Bird Flu Epidemic

caLLous

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It's claimed 8 lives, it's spread to 10 countries, the WHO has called for global unity in fighting it, it could take 6 months to develop a vaccine... Is anyone else thinking this is going to be A Very Bad Thing once it picks up momentum? :\
 

Tom

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Yeah, I can't imagine a world without Chickens tbh.
 

Insane

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caLLous said:
Welcome to an adult conversation.
im guessing its going to do the same rounds as the SARS epidemic last year, where most of china/south-east asia suffer greatly but they manage to self-quarantine itself by restricting travel to and from the country.

that and the UK office will tell people to avoid there like normal when stuff like that happens.
 

Will

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As far as I know, there has been no cases of human to human transmission, only chicken to human transmission. Until it is human to human transmitted, we don't have too much to worry about.

If it does become h2h (catchy acronym, eh?), then we should start to worry.
 

Whipped

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For some reason I read "Bird flu" as "Pigeon Flu" Not sure why :D
 

L_Plates

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Do they actually know how far this has spread or at least have an idea ?

And if so how the hell will they start to control it.
 

babs

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Not really, I'd say flu in it's more normal form is the one they want to worry about, this bird flu kills 8. Whoop de doo, how many does normal influenza kill over how many different countries? And that's despite having a vaccine.

Besides, I can't see what good Pete Townshend and his cronies are going to do.

Chicken to human transmission eh? This could well see the donwfall of some of my favourite 'specialist interest' sites.
 

ScoobyDoo{KEA}

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caLLous said:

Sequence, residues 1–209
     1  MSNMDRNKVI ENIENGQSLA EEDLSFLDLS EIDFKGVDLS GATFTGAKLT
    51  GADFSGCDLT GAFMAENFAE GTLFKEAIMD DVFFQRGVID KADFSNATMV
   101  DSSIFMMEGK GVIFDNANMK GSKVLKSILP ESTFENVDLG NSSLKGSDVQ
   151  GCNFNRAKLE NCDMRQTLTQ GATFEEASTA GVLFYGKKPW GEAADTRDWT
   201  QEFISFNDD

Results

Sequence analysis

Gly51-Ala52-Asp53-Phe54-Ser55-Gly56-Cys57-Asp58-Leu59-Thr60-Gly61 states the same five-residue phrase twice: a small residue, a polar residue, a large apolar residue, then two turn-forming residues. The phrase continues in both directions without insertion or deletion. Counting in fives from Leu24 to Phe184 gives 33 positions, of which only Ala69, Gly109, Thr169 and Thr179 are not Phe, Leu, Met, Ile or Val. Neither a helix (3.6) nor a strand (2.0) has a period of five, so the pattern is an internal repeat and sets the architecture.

It's claimed 8 lives, it's spread to 10 countries, the WHO has called for global unity in fighting it, :\
cant imaging roger daltrey doing fuckall about it. :)
 

leggy

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Another case of the thai government trying to hide a potentially serious epidemic. Well done. The chinese did it with the sars virus. I feel there needs to be more serious consequences for the people who intentionally hide these disease outbreaks. I appretiate there are limits but how serious does the epidemic have to get before people realise that they are being intentionally endangered.


/edit

I do realise that there is not a distinct danger to humans right now and that the focus is on the loss of chickens :). But the two issues can be compared.
 

caLLous

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"Countries in the region must learn from the SARS experience, and that is: `Fess up as soon as you find a case, as quickly as possible," Australian Foreign Minister Alexander Downer told Australian Broadcasting Corp. radio. "Make sure everybody knows about it and deal with it."
Only an aussie MP could get away with saying "fess up".
 

Will

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leggy said:
I do realise that there is not a distinct danger to humans right now and that the focus is on the loss of chickens :). But the two issues can be compared.